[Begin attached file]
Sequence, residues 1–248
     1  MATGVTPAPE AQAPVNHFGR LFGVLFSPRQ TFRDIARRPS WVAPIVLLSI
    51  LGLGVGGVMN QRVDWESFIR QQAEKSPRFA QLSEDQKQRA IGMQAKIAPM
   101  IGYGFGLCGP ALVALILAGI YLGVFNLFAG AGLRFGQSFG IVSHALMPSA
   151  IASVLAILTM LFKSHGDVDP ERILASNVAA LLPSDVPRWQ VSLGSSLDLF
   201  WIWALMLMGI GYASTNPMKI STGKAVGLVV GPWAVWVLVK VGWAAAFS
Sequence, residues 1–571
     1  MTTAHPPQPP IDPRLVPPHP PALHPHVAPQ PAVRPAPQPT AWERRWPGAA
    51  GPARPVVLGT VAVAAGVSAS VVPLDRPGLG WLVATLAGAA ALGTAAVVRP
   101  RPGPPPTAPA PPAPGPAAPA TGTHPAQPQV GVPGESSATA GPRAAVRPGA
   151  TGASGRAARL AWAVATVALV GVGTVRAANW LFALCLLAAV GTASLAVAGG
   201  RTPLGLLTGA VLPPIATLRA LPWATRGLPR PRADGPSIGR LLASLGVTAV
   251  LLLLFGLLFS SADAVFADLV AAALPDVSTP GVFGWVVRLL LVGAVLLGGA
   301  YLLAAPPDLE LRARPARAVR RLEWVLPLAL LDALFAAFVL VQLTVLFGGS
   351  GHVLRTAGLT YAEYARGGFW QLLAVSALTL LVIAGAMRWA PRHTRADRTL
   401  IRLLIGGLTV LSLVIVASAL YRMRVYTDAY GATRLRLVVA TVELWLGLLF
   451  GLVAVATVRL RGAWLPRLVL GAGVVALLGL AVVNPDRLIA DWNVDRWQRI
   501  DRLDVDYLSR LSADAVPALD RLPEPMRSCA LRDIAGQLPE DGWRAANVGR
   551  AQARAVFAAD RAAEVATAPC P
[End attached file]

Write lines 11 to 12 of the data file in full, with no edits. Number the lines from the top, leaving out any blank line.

   151  TGASGRAARL AWAVATVALV GVGTVRAANW LFALCLLAAV GTASLAVAGG
   201  RTPLGLLTGA VLPPIATLRA LPWATRGLPR PRADGPSIGR LLASLGVTAV